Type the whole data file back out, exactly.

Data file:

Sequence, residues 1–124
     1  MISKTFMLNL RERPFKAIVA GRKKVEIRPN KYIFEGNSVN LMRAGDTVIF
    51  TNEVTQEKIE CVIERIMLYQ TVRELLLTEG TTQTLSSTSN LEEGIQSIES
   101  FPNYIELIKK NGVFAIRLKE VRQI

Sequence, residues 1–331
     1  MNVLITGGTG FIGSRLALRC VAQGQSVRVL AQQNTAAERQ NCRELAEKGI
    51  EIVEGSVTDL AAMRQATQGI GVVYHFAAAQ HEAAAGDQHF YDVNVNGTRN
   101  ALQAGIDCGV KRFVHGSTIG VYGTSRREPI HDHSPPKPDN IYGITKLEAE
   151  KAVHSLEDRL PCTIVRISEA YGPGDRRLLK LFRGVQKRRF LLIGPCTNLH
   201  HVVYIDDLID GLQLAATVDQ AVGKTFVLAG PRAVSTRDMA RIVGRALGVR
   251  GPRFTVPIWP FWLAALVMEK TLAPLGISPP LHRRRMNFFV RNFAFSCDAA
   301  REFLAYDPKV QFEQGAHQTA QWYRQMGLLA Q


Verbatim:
Sequence, residues 1–124
     1  MISKTFMLNL RERPFKAIVA GRKKVEIRPN KYIFEGNSVN LMRAGDTVIF
    51  TNEVTQEKIE CVIERIMLYQ TVRELLLTEG TTQTLSSTSN LEEGIQSIES
   101  FPNYIELIKK NGVFAIRLKE VRQI

Sequence, residues 1–331
     1  MNVLITGGTG FIGSRLALRC VAQGQSVRVL AQQNTAAERQ NCRELAEKGI
    51  EIVEGSVTDL AAMRQATQGI GVVYHFAAAQ HEAAAGDQHF YDVNVNGTRN
   101  ALQAGIDCGV KRFVHGSTIG VYGTSRREPI HDHSPPKPDN IYGITKLEAE
   151  KAVHSLEDRL PCTIVRISEA YGPGDRRLLK LFRGVQKRRF LLIGPCTNLH
   201  HVVYIDDLID GLQLAATVDQ AVGKTFVLAG PRAVSTRDMA RIVGRALGVR
   251  GPRFTVPIWP FWLAALVMEK TLAPLGISPP LHRRRMNFFV RNFAFSCDAA
   301  REFLAYDPKV QFEQGAHQTA QWYRQMGLLA Q